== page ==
14732 thumbnail picture
In 1858, Matthew Fontaine Maury modified his 1854 map to show the Telegraphic Plateau extending east-west across the Atlantic Ocean and an area of relatively shoal ground which he called Middle Ground. The Telegraphic Plateau actually extended through much of what is known today as the Charlie Gibbs Fracture Zone with no high mountains giving the illusion of a plateau.
14733 thumbnail picture
A map of Hudson Canyon reproduced in James Dwight Dana's Manual of Geology, first edition, published in 1862. This map was provided by the United States Coast Survey to Dana. The first discovery of submarine canyons occurred on the Pacific Coast, Hueneme Canyon in 1855 and Monterey Canyon in 1857.
14734 thumbnail picture
A curious map of the Arctic Ocean showing land extending north from Greenland. Published in 1869 in Petermann's Geographische Mittheilungen.
14735 thumbnail picture
Josephine Bank, the first seamount discovered as a direct result of intentional exploration. Discovered by the Swedish Corvette Josephine in 1869. Northern 9/10 of bank.
14736 thumbnail picture
Josephine Bank, the first seamount discovered as a direct result of intentional exploration. Discovered by the Swedish Corvette Josephine in 1869. Southern 1/2 of bank.
14737 thumbnail picture
Josephine Bank, the first seamount discovered as a direct result of intentional exploration. Discovered by the Swedish Corvette Josephine in 1869. Image digitally merged from images map00016 and map00017.
14738 thumbnail picture
The east coast of the United States showing the continental shelf, shelf break, continental slope, and sediment types. This was one of the first published maps of this nature. The Coast Survey had rediscovered the continental shelf break in 1848. Count Luigi Marsili had first noted it in the Gulf of Lyon about 1720 but that information had been forgotten in the mid Nineteenth Century.
14739 thumbnail picture
"The Sea Bottom off Florida and Cuba" as published by Petermann's Geographische Mittheilungen in 1870. This map was drawn by Louis Francois de Pourtales of the the United States Coast Survey. Pourtales Plateau was named by Louis Agassiz, the first undersea feature off the continental shelf in U.S. waters that was discovered as the result of oceanographic exploration.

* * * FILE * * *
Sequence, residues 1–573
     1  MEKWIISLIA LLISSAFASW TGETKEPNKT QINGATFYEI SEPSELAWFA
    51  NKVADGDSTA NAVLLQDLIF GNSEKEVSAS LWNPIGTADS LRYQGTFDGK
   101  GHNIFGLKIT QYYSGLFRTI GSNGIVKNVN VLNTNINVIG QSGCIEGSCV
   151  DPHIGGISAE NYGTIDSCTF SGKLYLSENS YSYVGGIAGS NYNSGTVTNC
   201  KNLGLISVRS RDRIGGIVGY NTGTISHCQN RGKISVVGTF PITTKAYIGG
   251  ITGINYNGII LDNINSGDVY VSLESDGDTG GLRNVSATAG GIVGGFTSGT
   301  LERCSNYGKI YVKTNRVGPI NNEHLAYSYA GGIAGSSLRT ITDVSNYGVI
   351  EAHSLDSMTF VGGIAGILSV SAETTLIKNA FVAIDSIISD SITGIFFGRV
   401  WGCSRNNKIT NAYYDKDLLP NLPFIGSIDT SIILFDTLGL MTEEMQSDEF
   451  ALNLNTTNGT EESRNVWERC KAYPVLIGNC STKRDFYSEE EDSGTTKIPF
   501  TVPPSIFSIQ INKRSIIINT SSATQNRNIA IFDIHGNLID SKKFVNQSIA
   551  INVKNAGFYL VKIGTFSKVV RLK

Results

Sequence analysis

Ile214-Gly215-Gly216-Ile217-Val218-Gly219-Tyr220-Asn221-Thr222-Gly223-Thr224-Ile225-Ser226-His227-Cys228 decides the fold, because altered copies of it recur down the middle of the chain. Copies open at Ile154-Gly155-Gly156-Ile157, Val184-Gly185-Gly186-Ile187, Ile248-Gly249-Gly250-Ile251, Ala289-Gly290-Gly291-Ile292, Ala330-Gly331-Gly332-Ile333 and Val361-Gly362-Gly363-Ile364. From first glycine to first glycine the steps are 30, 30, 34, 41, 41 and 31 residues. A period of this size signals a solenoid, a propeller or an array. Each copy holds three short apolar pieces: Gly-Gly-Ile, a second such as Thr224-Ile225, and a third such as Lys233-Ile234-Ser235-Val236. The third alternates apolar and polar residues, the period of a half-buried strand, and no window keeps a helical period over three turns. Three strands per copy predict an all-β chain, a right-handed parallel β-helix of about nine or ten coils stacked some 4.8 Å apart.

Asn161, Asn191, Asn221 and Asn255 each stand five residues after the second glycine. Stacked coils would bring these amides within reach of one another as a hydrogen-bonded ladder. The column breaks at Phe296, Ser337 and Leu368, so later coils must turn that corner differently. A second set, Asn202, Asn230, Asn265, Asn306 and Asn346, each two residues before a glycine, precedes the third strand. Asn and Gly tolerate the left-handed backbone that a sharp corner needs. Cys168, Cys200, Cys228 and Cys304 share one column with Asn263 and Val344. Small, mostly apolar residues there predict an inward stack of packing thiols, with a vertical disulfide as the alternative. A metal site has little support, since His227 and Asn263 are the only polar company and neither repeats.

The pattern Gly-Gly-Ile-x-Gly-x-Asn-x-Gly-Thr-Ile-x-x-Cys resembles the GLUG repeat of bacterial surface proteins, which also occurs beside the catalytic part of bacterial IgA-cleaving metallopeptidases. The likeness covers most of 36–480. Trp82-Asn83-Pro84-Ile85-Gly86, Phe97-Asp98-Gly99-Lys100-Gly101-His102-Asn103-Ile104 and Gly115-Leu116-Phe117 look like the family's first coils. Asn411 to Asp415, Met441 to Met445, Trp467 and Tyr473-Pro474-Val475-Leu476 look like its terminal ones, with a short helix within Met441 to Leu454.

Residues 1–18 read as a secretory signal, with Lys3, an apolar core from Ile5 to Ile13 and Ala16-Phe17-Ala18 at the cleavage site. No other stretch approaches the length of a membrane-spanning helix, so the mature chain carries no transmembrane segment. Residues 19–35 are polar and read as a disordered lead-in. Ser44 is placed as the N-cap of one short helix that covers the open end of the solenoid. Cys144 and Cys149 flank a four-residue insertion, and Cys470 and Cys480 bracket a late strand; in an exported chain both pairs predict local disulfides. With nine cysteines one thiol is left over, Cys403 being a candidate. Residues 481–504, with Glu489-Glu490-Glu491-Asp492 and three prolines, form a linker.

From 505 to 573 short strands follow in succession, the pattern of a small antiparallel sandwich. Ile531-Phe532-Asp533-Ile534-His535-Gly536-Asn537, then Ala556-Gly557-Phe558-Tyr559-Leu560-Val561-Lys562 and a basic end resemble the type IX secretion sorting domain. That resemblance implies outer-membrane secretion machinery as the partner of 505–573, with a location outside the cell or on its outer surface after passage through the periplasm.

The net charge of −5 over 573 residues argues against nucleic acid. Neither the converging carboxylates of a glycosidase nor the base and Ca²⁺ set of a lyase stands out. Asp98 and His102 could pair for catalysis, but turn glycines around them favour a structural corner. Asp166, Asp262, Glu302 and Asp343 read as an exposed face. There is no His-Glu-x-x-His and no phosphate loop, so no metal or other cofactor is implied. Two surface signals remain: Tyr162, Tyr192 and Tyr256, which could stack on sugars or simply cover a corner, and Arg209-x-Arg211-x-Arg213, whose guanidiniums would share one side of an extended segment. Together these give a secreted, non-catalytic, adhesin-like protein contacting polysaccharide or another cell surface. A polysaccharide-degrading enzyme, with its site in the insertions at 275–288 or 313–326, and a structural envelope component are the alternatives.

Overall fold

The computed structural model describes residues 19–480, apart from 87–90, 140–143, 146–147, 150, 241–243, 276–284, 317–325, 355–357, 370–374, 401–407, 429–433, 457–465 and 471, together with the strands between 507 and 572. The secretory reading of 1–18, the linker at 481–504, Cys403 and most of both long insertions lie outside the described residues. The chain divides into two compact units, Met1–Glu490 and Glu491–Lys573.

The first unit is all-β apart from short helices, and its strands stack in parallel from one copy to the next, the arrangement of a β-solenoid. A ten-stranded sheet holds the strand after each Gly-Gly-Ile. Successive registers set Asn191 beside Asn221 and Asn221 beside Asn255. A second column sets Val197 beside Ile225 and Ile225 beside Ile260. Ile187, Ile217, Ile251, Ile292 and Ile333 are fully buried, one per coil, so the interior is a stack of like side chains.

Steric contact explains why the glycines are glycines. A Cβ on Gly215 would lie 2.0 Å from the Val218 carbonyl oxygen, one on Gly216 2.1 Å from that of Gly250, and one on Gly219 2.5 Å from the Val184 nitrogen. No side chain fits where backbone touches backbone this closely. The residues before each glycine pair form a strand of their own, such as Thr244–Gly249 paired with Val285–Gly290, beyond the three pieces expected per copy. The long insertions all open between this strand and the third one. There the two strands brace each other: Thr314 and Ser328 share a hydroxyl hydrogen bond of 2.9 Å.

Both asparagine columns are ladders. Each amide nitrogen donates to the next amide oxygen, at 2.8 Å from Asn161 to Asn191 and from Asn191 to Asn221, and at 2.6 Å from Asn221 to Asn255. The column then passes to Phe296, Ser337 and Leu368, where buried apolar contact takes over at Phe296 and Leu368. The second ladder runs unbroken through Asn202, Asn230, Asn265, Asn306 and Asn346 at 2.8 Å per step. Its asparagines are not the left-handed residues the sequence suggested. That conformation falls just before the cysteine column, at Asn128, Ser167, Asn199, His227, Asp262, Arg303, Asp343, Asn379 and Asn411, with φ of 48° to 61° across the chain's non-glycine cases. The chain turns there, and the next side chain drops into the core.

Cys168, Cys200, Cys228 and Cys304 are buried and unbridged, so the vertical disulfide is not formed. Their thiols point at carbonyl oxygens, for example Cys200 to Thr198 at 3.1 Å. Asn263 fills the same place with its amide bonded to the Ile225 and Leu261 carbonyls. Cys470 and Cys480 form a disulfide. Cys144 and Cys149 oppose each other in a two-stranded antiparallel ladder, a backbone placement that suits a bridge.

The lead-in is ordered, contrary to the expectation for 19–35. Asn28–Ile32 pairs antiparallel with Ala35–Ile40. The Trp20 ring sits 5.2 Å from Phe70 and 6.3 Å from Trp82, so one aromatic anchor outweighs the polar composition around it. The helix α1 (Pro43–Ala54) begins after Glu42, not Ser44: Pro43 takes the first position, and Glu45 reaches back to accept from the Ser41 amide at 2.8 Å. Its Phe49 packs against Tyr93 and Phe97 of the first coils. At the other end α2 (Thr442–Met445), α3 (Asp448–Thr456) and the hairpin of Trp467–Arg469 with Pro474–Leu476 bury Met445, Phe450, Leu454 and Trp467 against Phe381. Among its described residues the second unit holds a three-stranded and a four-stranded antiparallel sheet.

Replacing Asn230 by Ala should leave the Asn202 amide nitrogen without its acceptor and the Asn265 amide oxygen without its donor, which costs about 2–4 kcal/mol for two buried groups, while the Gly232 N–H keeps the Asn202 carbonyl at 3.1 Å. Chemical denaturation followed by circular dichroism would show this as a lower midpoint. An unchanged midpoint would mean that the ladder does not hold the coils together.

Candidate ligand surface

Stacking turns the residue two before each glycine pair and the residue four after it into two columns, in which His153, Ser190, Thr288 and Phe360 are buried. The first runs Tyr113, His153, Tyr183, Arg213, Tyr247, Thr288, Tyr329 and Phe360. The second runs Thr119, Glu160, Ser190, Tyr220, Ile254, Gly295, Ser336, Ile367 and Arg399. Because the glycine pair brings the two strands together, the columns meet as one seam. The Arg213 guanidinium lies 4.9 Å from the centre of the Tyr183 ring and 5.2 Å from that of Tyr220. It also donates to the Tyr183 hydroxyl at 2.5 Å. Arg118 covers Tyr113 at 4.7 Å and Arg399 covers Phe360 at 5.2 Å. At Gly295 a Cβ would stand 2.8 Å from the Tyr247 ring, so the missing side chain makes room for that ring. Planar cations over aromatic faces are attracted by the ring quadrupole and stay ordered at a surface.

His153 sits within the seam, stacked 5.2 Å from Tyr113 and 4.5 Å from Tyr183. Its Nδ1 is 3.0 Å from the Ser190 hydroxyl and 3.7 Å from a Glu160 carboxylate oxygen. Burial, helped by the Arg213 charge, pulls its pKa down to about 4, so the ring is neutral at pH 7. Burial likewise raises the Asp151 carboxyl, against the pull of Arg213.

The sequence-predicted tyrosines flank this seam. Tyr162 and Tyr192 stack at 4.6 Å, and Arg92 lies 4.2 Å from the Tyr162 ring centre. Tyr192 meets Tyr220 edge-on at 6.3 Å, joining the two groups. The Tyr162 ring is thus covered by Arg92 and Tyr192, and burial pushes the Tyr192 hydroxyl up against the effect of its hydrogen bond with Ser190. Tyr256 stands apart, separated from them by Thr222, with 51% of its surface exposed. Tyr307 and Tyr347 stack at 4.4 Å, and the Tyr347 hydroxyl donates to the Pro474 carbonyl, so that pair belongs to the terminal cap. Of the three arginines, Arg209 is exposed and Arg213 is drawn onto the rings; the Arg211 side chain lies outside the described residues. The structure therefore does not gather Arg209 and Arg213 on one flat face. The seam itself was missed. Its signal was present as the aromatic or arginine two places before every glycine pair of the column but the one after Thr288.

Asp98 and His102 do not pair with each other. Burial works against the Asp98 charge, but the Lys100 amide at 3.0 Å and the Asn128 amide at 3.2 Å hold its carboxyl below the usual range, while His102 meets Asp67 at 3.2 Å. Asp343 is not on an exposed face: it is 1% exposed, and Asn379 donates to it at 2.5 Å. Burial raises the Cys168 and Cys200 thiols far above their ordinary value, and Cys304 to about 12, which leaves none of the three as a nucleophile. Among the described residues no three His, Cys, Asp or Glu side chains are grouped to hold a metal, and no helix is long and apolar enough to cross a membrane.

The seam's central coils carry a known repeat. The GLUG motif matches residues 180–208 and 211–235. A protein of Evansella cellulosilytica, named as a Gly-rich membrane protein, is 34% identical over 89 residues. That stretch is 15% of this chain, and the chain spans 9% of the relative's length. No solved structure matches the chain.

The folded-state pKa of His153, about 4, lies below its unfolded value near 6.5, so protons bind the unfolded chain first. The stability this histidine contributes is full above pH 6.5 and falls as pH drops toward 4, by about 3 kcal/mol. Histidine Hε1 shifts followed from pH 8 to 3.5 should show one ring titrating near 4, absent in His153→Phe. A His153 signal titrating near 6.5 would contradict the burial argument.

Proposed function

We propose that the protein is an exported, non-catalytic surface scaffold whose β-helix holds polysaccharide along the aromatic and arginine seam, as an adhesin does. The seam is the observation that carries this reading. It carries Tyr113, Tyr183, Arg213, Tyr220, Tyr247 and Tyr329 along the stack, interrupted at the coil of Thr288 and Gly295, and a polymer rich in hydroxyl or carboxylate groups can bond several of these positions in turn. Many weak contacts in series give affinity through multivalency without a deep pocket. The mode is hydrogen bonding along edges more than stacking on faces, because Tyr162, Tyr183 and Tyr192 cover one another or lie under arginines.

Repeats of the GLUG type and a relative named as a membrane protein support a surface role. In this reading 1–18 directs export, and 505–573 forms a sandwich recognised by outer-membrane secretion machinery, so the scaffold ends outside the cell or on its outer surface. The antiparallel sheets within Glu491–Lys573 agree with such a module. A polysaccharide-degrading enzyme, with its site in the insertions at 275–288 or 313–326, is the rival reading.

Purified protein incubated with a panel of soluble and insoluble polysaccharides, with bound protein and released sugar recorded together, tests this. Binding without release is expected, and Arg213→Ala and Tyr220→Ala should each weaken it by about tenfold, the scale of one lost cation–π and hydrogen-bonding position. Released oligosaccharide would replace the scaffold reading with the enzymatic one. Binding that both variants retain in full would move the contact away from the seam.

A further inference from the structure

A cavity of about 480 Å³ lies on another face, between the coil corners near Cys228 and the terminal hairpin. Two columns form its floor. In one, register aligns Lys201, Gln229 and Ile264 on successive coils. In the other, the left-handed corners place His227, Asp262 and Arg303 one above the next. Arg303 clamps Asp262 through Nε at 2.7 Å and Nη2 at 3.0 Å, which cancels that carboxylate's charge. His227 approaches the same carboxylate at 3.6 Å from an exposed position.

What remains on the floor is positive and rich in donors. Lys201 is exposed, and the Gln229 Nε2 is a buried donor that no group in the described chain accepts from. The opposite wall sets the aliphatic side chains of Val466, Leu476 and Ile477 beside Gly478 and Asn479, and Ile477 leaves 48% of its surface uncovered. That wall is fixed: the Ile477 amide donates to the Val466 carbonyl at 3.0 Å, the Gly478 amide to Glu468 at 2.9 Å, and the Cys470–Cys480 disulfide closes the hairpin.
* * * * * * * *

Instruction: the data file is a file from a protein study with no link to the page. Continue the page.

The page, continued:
14740 thumbnail picture
"The Sea Bottom off Long Island" as published by Petermann's Geographische Mittheilungen in 1870. This map was drawn by Louis Francois de Pourtales of the the United States Coast Survey. Map shows head of Hudson Canyon, the canyon axis as shown by the Mud Holes as it crosses the continental shelf, and the sediment types.
14741 thumbnail picture
Full page presentation of the two maps shown in image map00019 and map00020. as published by Petermann's Geographische Mittheilungen in 1870 by Louis Francois de Pourtales of the United States Coast Survey.
14742 thumbnail picture
Map of the North Atlantic Ocean published on the eve of the CHALLENGER Expedition in "The ocean, atmosphere, and life...." by the French geographer Elisee Reclus. This map shows some very large non-existent shoals to the east of Newfoundland as well a deep extending to the NE which seems imaginative. The profile is based on the work of Dayman and Berryman in 1856/1857.
14743 thumbnail picture
Map of the Atlantic Ocean published after the outward bound segment of the CHALLENGER Expedition. This map shows little improvement over earlier versions. The Mid-Atlantic Ridge is shown bending to the west south of the Azores and there is no expression of the ridge in the South Atlantic Ocean.
14744 thumbnail picture
Map of the area southeast of New Guinea showing various reefs and islands in a sparsely surveyed area. In: Petermann's Geographische Mittheilungen for 1874.
14745 thumbnail picture
Map of the Congo Canyon, one of the great canyons on the west coast of Africa. The source is noted as "Medlycott and Flood", 1875. Medlycott is mentioned by as having been associated with HMS LYNX in 1859 on the west coast of Africa, so this would place the discovery of Congo Canyon sometime between 1859 and 1875.
14746 thumbnail picture
The "Contour Map of the Atlantic" should be known as one of the classical maps of the Earth Sciences. This version of the map was published by Sir Wyville Thomson of the CHALLENGER Expedition in 1877 and is the first ever to show the continuity of the Mid-Atlantic Ridge. The N-S line in the south Atlantic followed the ridge and is among the most important survey lines ever run.
14747 thumbnail picture
This map, by Augustus Petermann, was the first bathymetric map of the Pacific Ocean. Data was acquired by the CHALLENGER, the USS TUSCARORA, and the German research ship GAZELLE. Note the much denser sounding information on the TUSCARORA as the result of first use of piano-wire sounding. Note the Tuscarora Deep, first discovery of a trench, today called the Japan-Kuril Trench.
Pacific Ocean North 1877
14748 thumbnail picture
Soundings taken by the first USS ENTERPRISE exploration vessel under the command of Captain Albert S. Barker. This was the first U.S. ship to specifically circumnavigate the globe on a sounding and temperature measuring expedition. Note the shoal area at approximately 29 N 34 W. This was originally called the Barker Rise but is now called the Rio Grande Rise.
Atlantic Ocean South 1883-1886
14749 thumbnail picture
Track of the USS ENTERPRISE across the Indian Ocean. Note the 3097 fathom sounding southwest of Sumatra. That sounding is the first indication of the Java Trench. A few years later, Sir John Murray named that area the Enterprise Deep, a name which has been superceded by Java Trench.
Indian Ocean 1883